Often times, the word design is mistakenly described as something that is only aesthetically pleasing. People would rather choose something that is pretty over something that is functional. Aesthetically pleasing designs allow us to enjoy and take pleasure in things – but how can a good TMP make a safer environment?
When we talk about design, the correct approach is to refer to function rather than form. As an example, when we are presented with a new product, we often ask questions like, “What is this designed for?” which simply asks what its function is. It’s not really a question of if a design is right or wrong, but rather if it is good or bad. So what’s the difference between right design and good design?
Theoretically, a right design means to comply to an obligatory standard; however, a good design knows how to weigh options in order to answer the needs of people – even if it sometimes requires breaking some standards to present a better trade. Design aims to meet its customer’s needs and is very individualised. A designer will look at underlying considerations for every situation to effectively come up with a functional design.
Design is a very broad subject that has different considerations depending on where it is applied. On gadgets, design means having good features to make life easier and convenient, on architecture, it means answering the need of the owner. In the temporary traffic management industry, the main consideration in design is safety.
The main goal of temporary traffic management is to create the safest environment for all road users, including personnel on road. Whilst that the industry is all about designing for safety, the temporary traffic management setup itself is considered a hazard, as we put tools, equipment and workers on the road to initiate a design that is safer for the environment.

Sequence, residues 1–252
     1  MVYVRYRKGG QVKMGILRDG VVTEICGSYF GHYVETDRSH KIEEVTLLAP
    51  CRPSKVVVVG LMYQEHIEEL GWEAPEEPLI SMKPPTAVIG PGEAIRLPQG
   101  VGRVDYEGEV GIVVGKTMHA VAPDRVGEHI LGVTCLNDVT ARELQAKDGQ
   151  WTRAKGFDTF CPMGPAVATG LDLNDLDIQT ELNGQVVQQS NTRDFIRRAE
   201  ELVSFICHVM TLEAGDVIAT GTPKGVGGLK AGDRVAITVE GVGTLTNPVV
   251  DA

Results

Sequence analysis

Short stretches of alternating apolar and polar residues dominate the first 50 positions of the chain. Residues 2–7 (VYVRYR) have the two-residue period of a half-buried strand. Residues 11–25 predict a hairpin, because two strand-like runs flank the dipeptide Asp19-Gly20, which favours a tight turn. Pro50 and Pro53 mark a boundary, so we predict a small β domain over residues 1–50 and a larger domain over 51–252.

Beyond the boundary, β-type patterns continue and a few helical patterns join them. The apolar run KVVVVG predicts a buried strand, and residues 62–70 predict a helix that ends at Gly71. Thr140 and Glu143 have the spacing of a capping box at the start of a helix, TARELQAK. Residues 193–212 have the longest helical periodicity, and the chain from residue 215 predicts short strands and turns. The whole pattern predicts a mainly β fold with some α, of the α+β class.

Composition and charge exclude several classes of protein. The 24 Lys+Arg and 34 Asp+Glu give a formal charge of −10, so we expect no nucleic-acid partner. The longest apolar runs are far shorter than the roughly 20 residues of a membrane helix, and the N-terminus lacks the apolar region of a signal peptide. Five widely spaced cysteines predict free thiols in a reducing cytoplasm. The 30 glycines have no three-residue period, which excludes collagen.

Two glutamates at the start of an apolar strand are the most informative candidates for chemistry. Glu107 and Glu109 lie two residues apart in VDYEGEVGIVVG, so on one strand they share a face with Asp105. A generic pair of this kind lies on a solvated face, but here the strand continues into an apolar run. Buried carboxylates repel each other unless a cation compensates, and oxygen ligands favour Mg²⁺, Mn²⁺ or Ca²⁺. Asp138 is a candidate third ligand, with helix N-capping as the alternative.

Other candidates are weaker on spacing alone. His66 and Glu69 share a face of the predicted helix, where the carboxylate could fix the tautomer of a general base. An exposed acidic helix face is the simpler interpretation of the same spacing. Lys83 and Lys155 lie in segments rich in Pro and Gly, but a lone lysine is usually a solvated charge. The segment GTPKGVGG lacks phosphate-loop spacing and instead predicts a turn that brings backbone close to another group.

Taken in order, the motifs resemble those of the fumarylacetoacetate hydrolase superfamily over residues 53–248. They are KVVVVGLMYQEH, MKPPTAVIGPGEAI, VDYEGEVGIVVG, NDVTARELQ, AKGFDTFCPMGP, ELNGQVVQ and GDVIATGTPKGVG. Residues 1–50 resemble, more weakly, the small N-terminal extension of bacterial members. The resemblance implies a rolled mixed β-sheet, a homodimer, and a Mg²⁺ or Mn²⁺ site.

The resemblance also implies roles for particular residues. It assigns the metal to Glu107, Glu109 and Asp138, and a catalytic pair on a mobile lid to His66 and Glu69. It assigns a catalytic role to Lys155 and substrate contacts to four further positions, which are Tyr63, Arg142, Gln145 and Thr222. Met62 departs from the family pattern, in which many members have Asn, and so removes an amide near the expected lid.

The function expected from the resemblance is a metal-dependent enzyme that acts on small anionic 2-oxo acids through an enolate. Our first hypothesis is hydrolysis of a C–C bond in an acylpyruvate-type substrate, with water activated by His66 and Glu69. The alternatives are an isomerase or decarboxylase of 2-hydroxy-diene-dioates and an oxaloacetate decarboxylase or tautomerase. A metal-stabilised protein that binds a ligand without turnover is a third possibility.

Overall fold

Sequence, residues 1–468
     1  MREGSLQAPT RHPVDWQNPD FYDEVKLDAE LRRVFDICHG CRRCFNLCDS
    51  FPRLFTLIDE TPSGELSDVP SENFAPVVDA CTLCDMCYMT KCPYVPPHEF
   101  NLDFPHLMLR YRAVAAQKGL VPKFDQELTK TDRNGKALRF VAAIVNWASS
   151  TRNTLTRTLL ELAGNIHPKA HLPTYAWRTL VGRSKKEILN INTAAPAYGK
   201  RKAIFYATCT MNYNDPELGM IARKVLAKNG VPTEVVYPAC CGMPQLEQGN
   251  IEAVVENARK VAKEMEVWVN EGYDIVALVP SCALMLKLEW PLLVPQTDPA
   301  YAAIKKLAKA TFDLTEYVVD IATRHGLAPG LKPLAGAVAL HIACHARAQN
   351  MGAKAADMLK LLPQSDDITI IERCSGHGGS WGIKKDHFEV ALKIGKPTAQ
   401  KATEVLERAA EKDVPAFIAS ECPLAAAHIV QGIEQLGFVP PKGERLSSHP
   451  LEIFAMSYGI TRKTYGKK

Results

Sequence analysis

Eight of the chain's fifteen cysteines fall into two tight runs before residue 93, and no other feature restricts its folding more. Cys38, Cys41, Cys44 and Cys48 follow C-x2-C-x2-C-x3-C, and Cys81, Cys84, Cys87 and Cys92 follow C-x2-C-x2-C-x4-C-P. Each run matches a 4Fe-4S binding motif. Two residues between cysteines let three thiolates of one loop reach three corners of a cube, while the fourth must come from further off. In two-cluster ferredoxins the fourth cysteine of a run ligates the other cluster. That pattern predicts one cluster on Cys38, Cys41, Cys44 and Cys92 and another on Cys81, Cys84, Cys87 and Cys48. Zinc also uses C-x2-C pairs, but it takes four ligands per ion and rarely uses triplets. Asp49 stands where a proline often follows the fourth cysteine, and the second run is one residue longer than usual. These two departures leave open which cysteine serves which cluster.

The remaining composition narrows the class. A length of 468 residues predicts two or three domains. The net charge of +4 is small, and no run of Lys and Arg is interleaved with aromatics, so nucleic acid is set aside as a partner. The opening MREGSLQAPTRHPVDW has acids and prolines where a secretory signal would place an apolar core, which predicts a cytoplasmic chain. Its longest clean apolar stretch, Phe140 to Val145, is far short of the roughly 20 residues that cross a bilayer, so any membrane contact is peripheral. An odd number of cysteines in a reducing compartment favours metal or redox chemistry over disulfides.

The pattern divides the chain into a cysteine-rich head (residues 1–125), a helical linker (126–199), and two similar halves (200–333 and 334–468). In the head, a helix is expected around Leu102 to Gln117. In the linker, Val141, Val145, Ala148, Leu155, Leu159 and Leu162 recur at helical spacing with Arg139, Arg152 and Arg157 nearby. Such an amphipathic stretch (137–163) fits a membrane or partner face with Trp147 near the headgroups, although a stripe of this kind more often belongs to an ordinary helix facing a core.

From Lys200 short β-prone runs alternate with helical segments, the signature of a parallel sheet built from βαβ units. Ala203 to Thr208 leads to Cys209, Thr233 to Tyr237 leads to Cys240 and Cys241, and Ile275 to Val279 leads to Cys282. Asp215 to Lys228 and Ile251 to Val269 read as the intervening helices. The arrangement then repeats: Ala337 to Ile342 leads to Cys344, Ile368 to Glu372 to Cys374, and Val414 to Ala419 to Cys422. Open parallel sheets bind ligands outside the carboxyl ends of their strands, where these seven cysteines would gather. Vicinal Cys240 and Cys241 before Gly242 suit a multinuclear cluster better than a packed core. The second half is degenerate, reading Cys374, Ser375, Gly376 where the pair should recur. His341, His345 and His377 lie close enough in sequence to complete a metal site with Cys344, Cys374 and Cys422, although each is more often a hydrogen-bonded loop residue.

What is safe TMP design then?
Objectives should be very clear at the first stage of TMP development. All considerations should be thought through – from road users’ needs down to the contractors’ needs such as timeframe of work, impact to the road being affected, work methodology, etc. Safe design aims to have the least number of hazards in place compared to the problem’s original state and prioritise the safety of the users. As they often say, choose the lesser evil.
Safe TMPs must deliver a clear message or instruction so that the user can implement the TMP as planned. A safe TMP not only considers the obvious on paper, but it also understands what actually happens on the road in reality/day to day. Design can look good on paper – seeming to be very ideal, however safe plan includes an element of fool proofing wherein we leave less or no opportunity for misuse or misinterpretation and in order to achieve the desired outcome. It is very important that a clear similar message is being sent to all parties involved – from TMP designers to contractors to affected users.
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